(This story is a "Response to the Human's killing of Beetle's wolf-friend" -- see the listing for more related stories.)
The only sounds in the small clearing were the running water of the Laughing Creek and the gentle scraping as knife met wood. True Edge frowned as he studied the length of carved wood he held. It was now a nearly perfect spear, like the three others stacked neatly beside him. Soon he would attach a sharpened stone spearhead to each and they would be ready. Despite the quality of his handiwork he didn’t take any pleasure in it.
Suddenly he tensed as the smell of another elf made its way to him on the breeze. Concentrating for a moment he finally identified it and then with a sad sigh returned to his work. He had wondered when Windburn would come. Moments later, the chieftain entered the clearing and looked first at True Edge, who gave him a respectful nod in greeting, and then to the stack of spears that he was working on. All was silent for several uncomfortable minutes before Windburn finally spoke.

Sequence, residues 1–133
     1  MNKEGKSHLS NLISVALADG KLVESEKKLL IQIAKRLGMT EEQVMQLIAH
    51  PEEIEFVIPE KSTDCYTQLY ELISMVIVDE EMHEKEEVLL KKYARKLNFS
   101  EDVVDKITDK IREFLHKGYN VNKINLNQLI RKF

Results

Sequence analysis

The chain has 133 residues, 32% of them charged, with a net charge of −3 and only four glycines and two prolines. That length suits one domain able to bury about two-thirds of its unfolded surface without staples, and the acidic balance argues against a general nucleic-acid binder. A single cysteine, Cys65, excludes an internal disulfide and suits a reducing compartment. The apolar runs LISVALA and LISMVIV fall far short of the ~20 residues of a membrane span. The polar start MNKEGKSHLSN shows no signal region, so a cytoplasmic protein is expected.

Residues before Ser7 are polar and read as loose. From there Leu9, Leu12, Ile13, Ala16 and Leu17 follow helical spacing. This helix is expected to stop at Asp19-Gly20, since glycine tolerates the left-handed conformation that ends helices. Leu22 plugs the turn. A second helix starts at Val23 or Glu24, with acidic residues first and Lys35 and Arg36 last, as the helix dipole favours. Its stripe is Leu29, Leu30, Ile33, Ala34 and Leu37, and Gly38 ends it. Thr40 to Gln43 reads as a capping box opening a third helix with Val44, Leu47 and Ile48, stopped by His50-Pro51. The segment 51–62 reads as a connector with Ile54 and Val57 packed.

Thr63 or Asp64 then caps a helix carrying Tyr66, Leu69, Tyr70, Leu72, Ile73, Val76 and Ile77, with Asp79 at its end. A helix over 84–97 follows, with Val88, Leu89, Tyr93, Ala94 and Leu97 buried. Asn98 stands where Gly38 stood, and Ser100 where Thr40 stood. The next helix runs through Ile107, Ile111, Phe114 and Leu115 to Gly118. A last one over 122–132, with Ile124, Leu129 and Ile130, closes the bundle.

“You’ve been avoiding me.”
True Edge stopped in mid-stroke with the knife and looked at his friend but didn’t yet reply.
“And you’ve been keeping to yourself a lot lately I hear.”
“Even for me?”
“Yes, True Edge. Even for you. I know something is troubling you and it’s not hard to figure out what.”
Again the silence settled between them. They had been friends for a long, long time and Windburn knew how moody True Edge could be. He also knew that when he was like that it was usually because he was lost in thought. Though odd for a wolfrider in that way he often saw things that others didn’t. For that alone he would make a most valuable elder and advisor for the chief. Sometimes you just had to coax it out of him to see what insights his wandering mind had given him.
It became apparent that this was going to be one of those times. Since he had heard of what happened to Beetle’s bond wolf True Edge had been keeping to himself and brooding over what had happened. Windburn was troubled over it as well. This was yet another threat to the tribe that he didn’t appreciate. He would have to decide, and decide soon, what was to be done about it. That was why he was here. He hoped that his old friend would have some insight that might be helpful. If nothing else, talking to True Edge always gave him time to think.